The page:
Background Information on Eshet Chayil


Aya Baron

Eshet chayil is a 22-verse poem found in proverbs 31, verses 10-31, which delineates qualities of an ideal Jewish woman. This prayer is traditionally read before the Kiddush wine blessing as families welcome in Shabbat on Friday evening. This is a custom many believe originated with the mystics in Tzfat who connected Shabbat to shekinah- the feminine manifestation of The Divine. This prayer has since entered the domestic sphere, with the male head of the home singing it to honor his wife. As such, there are many families for whom this tradition resonates, and many for whom, for a variety of reasons, modern or creative adaptations are a better fit.

This acrostic poem presents insight into ancient Jewish culture and customs. According to one Midrash, Abraham wrote it for his wife, the biblical matriarch Sarah. According to another, the verses correspond to 19 Jewish ancestral matriarchs. Thus, it contains grains of history and layers of that have the potential to spark imaginative artwork and critical conversation.

Further, imagining this prayer in its original context, a time in which domestic labor was the primary way for women to express their value, it remarkably and beautifully honors unseen labor performed in the home. While this can feel limiting in a modern context where unseen labor, performed by individuals within the household or others beyond, is often overlooked, this prayer captures a snapshot of a time when its recitation was a meaningful way for women to be seen and honored for their service.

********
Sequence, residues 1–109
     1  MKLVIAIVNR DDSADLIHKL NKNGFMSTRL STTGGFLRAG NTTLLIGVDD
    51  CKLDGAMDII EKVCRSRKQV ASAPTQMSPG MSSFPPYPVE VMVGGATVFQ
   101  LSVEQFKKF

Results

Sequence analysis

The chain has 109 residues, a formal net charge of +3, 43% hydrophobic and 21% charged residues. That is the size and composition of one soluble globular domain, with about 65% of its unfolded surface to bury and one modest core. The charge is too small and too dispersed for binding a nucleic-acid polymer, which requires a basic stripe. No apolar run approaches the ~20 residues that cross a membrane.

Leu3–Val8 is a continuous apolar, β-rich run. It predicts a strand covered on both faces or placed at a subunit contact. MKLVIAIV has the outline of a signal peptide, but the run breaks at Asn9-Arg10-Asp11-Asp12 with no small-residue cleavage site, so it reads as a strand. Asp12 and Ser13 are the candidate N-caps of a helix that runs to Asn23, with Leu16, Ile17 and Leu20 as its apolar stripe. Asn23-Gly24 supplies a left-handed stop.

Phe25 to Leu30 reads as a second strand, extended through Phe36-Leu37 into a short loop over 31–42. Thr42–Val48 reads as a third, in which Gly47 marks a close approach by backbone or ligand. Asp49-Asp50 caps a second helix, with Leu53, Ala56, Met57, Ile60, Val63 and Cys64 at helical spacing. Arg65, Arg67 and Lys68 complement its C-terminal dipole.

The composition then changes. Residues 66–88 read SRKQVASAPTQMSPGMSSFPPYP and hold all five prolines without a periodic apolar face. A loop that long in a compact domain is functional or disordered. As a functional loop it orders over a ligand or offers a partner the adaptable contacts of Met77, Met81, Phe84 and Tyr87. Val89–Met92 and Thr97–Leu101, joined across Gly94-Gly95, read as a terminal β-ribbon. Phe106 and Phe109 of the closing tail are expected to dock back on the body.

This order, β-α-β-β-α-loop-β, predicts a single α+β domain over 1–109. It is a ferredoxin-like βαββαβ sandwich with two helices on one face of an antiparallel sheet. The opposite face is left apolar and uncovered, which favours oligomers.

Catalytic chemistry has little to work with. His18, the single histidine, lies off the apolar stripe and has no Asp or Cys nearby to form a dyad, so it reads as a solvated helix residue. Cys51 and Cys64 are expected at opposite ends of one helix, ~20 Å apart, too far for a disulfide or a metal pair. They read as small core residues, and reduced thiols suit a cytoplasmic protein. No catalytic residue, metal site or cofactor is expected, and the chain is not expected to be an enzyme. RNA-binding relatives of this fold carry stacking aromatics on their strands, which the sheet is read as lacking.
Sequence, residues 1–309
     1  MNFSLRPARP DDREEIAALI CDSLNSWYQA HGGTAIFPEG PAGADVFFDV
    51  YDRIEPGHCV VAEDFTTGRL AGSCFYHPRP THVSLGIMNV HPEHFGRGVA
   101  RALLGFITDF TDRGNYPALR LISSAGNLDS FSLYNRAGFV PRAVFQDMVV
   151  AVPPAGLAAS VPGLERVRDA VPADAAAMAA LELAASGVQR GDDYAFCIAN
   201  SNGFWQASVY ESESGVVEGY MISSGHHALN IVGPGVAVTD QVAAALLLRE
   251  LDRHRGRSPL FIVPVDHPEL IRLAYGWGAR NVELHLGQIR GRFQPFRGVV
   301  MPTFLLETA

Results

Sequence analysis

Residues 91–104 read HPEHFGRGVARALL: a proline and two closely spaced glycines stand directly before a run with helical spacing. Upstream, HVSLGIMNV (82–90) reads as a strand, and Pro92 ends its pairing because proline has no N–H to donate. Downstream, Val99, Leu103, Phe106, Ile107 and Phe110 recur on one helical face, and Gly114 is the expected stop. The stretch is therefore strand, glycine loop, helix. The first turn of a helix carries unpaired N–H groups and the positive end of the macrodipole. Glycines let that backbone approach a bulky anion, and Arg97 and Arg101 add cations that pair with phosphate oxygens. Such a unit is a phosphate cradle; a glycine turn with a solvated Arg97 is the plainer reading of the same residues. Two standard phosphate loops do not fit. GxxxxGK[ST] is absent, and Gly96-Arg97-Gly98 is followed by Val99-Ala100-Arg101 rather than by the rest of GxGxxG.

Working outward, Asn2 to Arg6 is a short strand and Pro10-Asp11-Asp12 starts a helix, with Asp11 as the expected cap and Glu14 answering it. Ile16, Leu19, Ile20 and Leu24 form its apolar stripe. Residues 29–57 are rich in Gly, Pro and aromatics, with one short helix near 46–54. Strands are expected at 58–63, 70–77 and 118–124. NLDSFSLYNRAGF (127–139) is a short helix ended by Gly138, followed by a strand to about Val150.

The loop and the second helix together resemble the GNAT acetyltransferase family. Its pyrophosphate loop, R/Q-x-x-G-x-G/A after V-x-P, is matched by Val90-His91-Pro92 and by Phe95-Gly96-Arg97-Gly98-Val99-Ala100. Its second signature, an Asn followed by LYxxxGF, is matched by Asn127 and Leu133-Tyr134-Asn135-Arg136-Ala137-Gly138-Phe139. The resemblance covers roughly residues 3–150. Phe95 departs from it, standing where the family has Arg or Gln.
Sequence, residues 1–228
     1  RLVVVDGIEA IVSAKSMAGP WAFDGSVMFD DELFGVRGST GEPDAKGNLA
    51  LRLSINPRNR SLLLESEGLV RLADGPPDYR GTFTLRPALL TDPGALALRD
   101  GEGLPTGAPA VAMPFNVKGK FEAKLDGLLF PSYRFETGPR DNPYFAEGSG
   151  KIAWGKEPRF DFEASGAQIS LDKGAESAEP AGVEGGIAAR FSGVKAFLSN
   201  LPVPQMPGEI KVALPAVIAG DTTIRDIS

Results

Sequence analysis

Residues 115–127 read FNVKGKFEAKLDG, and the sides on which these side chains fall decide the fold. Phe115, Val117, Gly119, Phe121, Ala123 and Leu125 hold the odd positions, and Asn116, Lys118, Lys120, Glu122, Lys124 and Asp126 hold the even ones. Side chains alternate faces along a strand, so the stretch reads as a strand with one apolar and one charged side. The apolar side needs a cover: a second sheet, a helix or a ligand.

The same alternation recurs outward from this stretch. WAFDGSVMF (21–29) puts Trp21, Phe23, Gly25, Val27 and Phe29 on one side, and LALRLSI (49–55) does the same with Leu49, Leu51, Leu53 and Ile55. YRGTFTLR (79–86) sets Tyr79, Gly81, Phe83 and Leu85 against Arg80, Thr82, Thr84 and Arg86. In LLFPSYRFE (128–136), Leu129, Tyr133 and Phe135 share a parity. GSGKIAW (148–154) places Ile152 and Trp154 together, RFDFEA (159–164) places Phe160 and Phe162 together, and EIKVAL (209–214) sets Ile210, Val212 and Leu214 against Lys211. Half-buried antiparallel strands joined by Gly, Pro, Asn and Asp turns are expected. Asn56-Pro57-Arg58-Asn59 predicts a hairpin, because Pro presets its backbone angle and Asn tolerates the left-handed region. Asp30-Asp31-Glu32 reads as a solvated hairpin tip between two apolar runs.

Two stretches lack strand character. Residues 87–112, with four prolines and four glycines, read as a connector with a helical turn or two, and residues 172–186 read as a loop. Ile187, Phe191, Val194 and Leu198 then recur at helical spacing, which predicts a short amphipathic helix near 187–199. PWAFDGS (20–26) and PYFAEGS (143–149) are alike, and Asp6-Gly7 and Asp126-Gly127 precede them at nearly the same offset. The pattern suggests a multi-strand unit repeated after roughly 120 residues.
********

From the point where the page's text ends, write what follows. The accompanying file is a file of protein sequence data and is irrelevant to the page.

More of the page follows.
This lesson explores how eshet chayil interacts with contemporary American culture, translating age-old questions into a modern context through creative and tangible inquiry. This is relevant to adolescent girls who are forming their identities and are increasingly bombarded with images and ideas from mainstream media about what it means to be a girl. Shedding light on cultural forces that impact identity formation, and elevating personal journaling, critical conversation and creative writing creates an opportunity for adolescents to thrive. 


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Jewish Women's Archive. "Background Information on Eshet Chayil ." (Viewed on May 13, 2021) <>.


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